9. This was a very enjoyable read. I used to drink lots of tea in my youth but lately I’ve come over to coffee more and more, and I have a fantastic espresso machine and grinder for it. I used to buy lots of special teas which is very popular in Sweden where I’m from. But I’ve sort of lost that habit especially since we moved to Ireland, because that tea culture doesn’t exist at all. However there are some very good “standard” teas here and we only drink Barry’s tea mostly in loose leaf form. All the flavoured teas were always loose leaf, they were simply sold that way only, and I think loose leaf seems so much more fresh than tea in bags. However, a couple of Scandinavians have opened a tea shop in my town, so we’ll probably buy more from them eventually.

    Liked by 1 person

    1. Hi Susanne. Thanks for stopping by. I did not know that the tea culture in Ireland was so diminished. That’s really too bad as there are some great teas available just across the channel, but, now that I think about it, that may be part of the problem. I know I have some distant relatives there and my wife has many, but we’ve never found a way to make a visit happen. Expense, jobs, children all that would be needed, never lined up. Perhaps as we approach retirement. . .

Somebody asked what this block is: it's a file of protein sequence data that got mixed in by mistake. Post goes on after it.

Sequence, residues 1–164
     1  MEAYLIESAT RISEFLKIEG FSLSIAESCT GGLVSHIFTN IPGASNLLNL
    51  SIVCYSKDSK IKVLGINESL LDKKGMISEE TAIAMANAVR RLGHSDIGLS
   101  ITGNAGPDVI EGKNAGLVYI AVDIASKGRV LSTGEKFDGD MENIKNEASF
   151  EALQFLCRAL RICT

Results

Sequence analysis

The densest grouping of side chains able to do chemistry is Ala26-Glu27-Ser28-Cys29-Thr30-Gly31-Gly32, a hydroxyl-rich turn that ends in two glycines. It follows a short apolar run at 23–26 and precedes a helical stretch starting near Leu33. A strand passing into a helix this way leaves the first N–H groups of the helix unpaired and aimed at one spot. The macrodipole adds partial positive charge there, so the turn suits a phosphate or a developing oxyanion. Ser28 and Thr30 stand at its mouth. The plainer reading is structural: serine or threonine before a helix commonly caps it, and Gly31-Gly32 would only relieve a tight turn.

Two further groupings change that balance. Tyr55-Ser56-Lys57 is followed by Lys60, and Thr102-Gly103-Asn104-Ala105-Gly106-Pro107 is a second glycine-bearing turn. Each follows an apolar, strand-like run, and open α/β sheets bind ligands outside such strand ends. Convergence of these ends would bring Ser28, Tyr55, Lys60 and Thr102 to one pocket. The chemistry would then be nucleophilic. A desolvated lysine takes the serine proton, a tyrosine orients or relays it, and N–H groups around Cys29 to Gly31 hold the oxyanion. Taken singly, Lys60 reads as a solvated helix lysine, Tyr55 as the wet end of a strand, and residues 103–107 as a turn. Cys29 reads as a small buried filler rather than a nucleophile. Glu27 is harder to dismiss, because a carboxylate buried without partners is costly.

If we do visit, not being able to get a good cup of tea would be annoying, but I’ll bet there is plenty of good beer — but of course that meets a whole different need. It’s always great to hear from you each weekend.
      Blessings.

      Like

  10. This is so interesting! I am a true coffee addict, since I drink it but don’t even really like it. I love green tea too, but rarely drink it nowadays. I don’t care for black tea. As for herbal teas, I at one point had a large collection of loose herbs, but they weren’t really well-packaged and I didn’t use them often enough, so they expired. Anyway, I’ll give your tips some more thought and may try to get into more tea drinking.

    Liked by 1 person

    1. Hi Astrid. I’m so behind on my own visits to coffee shares. I’m working on two stories that are progressing too slowly but I refuse to get behind on greeting those who stop by to chat with me directly. You always have something interesting going on and I love your visits.
      Before you dismiss black teas, look for a chance to try an Oolong tea. It is known to be a very mild yet flavorful tea with almost no bitterness. On weekends when I’m not “working” I do like to brew a pot of Oolong and just sip it most of the day. It tastes good but does not have that slap in the face factor that coffee and strong tea has.
      You never know – it might just be your soon-to-be favorite.
      Thanks for stopping by.
      Blessings.

      Liked by 1 person